The Cloud. It's the data storage solution of the future. But is it evil? Sure, it's useful for storing documents and pictures, but what exactly is the Cloud in the first place? Is it dangerous? Am I breathing it in right now? Isn't it disturbing how little the average person knows about the technologies we use every day? The new Jason Segel and Cameron Diaz film Sex Tape might looks like just another raunchy rom-com, but it's really a sobering warning about the dangers of computers and technology. Look down. You're probably reading this on a computer right now. That's how far they've gotten. They're right under our noses! Filmmakers have been warning us for years about the dangers of computers, and how with just a few mouse clicks, our lives can be ruined forever. Before we all retreat to our luddite caves, let's take a look at all the ways computers have screwed things up in movies.
Sex Tape The Technology: An iPad/the CloudWhat It Did: Synched a couple's embarrassing sex tape to multiple iPads given out as gifts to all their friends Fallout: The couple feels the appropriate amount of embarrassment at having your friends seeing you bump uglies in a crappy tablet video. Also, ridiculous hijinks ensue while they try to get the video deleted. In terms of technology screwing things up, this one isn't bad at all.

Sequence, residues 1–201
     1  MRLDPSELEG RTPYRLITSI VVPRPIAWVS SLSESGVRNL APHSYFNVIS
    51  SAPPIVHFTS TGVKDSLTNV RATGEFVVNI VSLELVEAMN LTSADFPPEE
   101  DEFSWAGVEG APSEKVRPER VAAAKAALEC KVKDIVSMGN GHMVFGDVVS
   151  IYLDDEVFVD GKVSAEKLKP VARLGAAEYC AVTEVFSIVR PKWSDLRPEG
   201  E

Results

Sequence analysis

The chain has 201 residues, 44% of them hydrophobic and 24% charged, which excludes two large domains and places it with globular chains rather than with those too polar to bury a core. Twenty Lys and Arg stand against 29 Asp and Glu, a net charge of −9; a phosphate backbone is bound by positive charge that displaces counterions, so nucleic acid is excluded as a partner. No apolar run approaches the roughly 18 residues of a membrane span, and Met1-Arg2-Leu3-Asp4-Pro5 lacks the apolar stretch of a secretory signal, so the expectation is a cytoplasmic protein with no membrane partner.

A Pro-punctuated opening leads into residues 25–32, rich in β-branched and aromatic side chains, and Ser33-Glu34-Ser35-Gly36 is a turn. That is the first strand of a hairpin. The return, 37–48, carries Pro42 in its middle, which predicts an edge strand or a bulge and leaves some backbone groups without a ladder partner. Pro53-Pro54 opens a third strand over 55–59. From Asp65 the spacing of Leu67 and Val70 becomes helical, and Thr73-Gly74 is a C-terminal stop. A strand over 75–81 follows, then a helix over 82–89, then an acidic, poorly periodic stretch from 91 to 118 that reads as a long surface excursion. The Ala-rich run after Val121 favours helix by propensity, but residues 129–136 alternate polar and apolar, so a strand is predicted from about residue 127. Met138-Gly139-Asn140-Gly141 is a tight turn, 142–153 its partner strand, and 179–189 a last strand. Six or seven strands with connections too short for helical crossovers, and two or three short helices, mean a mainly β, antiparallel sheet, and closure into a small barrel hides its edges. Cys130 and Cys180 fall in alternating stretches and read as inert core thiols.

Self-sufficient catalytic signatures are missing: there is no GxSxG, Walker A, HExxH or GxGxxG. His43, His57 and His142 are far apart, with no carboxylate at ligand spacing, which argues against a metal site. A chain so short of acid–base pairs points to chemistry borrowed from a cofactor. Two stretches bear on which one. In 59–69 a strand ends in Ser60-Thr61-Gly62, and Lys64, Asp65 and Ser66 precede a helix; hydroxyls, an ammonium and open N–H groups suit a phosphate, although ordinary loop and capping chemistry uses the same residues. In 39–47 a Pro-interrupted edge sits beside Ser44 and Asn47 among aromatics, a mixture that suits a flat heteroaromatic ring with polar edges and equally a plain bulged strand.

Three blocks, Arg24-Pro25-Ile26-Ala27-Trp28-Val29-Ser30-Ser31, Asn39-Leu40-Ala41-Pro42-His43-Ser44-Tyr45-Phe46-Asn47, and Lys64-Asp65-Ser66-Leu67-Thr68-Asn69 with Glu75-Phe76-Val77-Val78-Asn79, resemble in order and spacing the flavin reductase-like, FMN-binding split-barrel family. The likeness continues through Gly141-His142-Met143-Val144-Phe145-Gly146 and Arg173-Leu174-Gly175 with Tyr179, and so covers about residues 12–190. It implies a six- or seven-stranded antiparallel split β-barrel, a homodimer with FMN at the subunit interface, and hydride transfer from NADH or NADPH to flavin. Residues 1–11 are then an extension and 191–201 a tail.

Her The Technology: Samantha, a sentient operating system What It Did: Fell head over heels in love with the hapless Theodore Twombly, then broke his heart after the OS race decides to fly away to another plane or universe or something. Fallout: Mr. Twombly (how is that an actual name?) loved and lost, but at least he became a better person because of it.
Office SpaceThe Technology: The Initech computer virusWhat It Did: Office drones Peter, Michael, and Samir, in an attempt to get back at their bosses for years of mistreatment, decide to infect their company's accounting system with a virus that would steal fractions of pennies over time from Initech. The amount stolen would be so small that no one would notice. Unfortunately, a missing decimal point caused the virus to steal thousands of dollars over just a few days.Fallout: Before the trio could get into any trouble, Initech is mysteriously (though not that mysteriously) burned to the ground, along with all of the evidence pointing Peter to the crime. The situation resolves itself, but being caught could have meant years of jail time.
American PieThe Technology: Jim Levenstein's PC What It Did: Jim hooks up a webcam and unwittingly shares his embarrassing sexual encounter with Nadia, a foreign exchange student from Slovakia, with his entire school.Fallout: Jim blows it for all of the internet to see and Nadia's foster parents send her back home, leaving him dateless and sexless for the prom. Happily, he does hook up with Michelle before the end credits roll.